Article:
fish war

The Next Worldwide Conflict? The Global Fish War

A global fish war might be coming.

No, that doesn't mean fishing tournaments taking place between nations. That means armed conflicts over illegal fishing.

It's happening because fish are a natural resource that authorities say have declined in the oceans by half in recent decades.

Around 1 billion people rely on fish for protein, and dwindling resources means nations going after fish around the globe.

And not in a diplomatic manner.

China has the most people relying on fish. The country also is the largest exporter of fish in the world.

So, the government is going what it has to in order to catch the fish it needs. That includes militarization.

For example, officials say vessels entering the South China Sea illegally are being escorted by the China Coast Guard.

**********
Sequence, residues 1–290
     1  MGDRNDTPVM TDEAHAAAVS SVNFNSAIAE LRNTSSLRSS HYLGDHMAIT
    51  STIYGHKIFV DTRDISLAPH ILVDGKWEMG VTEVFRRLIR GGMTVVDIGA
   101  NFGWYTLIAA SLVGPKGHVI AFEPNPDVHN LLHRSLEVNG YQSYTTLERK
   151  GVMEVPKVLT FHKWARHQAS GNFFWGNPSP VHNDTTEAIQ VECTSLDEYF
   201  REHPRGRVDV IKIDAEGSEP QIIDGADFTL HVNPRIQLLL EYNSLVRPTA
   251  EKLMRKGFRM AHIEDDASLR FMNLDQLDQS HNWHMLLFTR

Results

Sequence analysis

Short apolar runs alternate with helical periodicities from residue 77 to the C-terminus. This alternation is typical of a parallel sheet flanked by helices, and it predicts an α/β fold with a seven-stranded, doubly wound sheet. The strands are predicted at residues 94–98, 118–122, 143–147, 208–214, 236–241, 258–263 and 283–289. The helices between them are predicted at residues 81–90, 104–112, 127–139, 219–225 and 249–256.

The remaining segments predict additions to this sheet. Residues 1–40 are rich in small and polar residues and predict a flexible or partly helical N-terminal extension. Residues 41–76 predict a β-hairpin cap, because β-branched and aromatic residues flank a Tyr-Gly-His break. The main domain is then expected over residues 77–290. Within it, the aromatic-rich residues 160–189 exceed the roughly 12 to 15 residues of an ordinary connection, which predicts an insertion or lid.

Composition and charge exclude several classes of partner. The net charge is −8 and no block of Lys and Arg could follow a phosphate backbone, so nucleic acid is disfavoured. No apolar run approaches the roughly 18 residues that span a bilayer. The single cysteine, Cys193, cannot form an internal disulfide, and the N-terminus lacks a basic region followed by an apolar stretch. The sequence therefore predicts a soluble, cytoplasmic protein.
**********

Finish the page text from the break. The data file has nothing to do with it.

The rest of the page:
And it seems some countries whose waters are being entered illegally are fighting back. Indonesia and Argentina have sunk illegal fishing vessels from China and other nations. Ambassadors and other government officials are clashing with Beijing.

The United States could be next to enter the growing global fish war. Chinese fishing vessels are getting closer to U.S. waters, officials say.

The U.S. Navy and Coast Guard have known about the conflict for some time. And it seems the legislature is realizing it, too.

The week of Sept. 11, Congress asked the Navy to help combat illegal fishing as part of the National Defense Authorization Act.

The Navy, experts say, can help enforce international treaties meant to conserve the ocean's resources.

There is also a call to increase diplomatic efforts to combat illegal fishing.

Before the global fish war truly becomes a global war.